The Republic of Cyprus, an island nation in the Mediterranean long split between Turkish Cypriot and Greek Cypriot governmental factions, now faces the prospect of admission into the European Union. This possibility has renewed hopes of forging...
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Orchestrating Foreign Policy: US Interagency Decisions Post-September 11. (Perspectives)
The terrorist attacks of September 11 provided the US government with a rallying point around which a coherent worldview and agenda for international engagement could coalesce. Since that time, the public has faced a flood of analysis and commentary...
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Past Successes, Present Challenges: Latin American Politics at the Crossroads. (Democracy)
As it enters the 21st century, Latin America is marked by the co-existence of democratic regimes alongside a range of deeply disturbing political and socio-economic factors, from rampant corruption and widespread violence to wrenching inequalities....
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Real-Time Responsibility: Journalism's Challenges in an Instantaneous Age. (Perspectives)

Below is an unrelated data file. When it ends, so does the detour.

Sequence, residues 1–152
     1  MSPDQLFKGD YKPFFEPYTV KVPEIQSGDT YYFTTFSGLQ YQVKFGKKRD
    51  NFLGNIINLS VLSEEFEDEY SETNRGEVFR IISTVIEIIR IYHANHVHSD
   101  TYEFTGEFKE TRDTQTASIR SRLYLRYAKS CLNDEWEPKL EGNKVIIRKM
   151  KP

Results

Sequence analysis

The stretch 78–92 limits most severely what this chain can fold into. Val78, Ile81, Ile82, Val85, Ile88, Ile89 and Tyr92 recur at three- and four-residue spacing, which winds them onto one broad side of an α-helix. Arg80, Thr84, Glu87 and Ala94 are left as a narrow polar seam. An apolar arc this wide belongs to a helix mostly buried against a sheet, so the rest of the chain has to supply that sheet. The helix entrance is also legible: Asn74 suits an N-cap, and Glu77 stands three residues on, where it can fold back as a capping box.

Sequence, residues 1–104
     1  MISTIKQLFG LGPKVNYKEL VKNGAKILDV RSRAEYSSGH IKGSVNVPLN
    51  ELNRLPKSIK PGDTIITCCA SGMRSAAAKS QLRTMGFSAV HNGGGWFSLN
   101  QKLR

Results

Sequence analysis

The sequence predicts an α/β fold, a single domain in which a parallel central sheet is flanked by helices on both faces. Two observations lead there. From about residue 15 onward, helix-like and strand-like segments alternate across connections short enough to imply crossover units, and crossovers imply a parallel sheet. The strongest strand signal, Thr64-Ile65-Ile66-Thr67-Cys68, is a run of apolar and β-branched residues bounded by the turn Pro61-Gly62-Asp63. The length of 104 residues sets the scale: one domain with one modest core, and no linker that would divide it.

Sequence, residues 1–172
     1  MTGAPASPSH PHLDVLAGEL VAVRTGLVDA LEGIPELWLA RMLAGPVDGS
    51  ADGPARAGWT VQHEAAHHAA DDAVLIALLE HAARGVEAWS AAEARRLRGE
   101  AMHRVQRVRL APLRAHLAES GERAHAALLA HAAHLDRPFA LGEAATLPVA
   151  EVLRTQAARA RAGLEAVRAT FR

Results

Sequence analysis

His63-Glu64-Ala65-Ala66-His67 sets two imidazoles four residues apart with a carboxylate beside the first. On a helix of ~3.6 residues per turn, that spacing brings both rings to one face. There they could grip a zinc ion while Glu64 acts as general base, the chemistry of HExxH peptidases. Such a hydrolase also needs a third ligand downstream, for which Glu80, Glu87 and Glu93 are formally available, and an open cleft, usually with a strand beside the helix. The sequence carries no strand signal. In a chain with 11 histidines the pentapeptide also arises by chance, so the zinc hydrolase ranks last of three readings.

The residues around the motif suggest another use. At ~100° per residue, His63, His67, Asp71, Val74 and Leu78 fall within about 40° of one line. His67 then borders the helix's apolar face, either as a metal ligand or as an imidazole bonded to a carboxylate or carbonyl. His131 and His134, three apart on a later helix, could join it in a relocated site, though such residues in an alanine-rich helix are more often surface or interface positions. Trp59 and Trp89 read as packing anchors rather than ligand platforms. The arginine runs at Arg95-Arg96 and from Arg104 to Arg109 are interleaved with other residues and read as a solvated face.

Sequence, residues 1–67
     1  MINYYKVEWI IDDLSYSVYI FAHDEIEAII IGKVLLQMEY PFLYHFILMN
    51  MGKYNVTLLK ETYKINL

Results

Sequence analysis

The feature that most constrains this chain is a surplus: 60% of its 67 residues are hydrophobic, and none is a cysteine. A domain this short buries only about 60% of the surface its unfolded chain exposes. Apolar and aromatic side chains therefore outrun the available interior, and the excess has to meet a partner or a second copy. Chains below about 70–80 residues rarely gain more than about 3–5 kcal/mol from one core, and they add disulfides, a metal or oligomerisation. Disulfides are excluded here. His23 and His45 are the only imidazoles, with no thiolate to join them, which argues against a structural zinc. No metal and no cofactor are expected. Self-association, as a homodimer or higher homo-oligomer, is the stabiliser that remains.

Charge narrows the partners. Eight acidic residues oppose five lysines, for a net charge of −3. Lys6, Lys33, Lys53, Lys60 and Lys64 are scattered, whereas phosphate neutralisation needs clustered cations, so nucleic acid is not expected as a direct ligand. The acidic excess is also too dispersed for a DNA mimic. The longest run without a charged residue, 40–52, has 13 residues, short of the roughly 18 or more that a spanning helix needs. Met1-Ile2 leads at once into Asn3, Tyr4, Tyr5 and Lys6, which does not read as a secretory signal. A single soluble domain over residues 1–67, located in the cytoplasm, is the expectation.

In the weeks following September 11, US "reality TV" shows, from Survivor to Temptation Island, took a dive in the ratings. This was hardly surprising when 24-hour cable news stations and major networks were broadcasting uninterrupted coverage of...
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The Many Faces of Africa: Democracy across a Varied Continent. (Democracy)
A decade ago, seasoned observers of African politics including Larry Diamond and Richard Joseph argued that the continent was on the cusp of its "second liberation." Rising popular demand for political reform across Africa, multiparty elections,...
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The New Generation: Democracy in Theory and Practice. (Editor's Note)
There is a temptation to think that democracy has triumphed as the world's dominant governmental paradigm. In one sense this is undoubtedly true. The world's strongest and most stable nations tend to be democratic, and the influence of their practices...
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Trial and Tribulation: Extraditing Accused Terrorists. (Global Notebook)
In a modern world where crimes are international, extradition is an issue of growing importance. After the September 11 terrorist attacks, the problems with extradition have become increasingly clear. The United States' decision to try accused...
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UN-Paid Dues: The Costs of Cooperation. (Global Notebook)
On September 24, 2001, only 13 days after the tragic events in New York, Washington, and Pennsylvania, the US House of Representatives approved a US$582 million payment in back dues to the United Nations. Despite a history of squabbling and heated...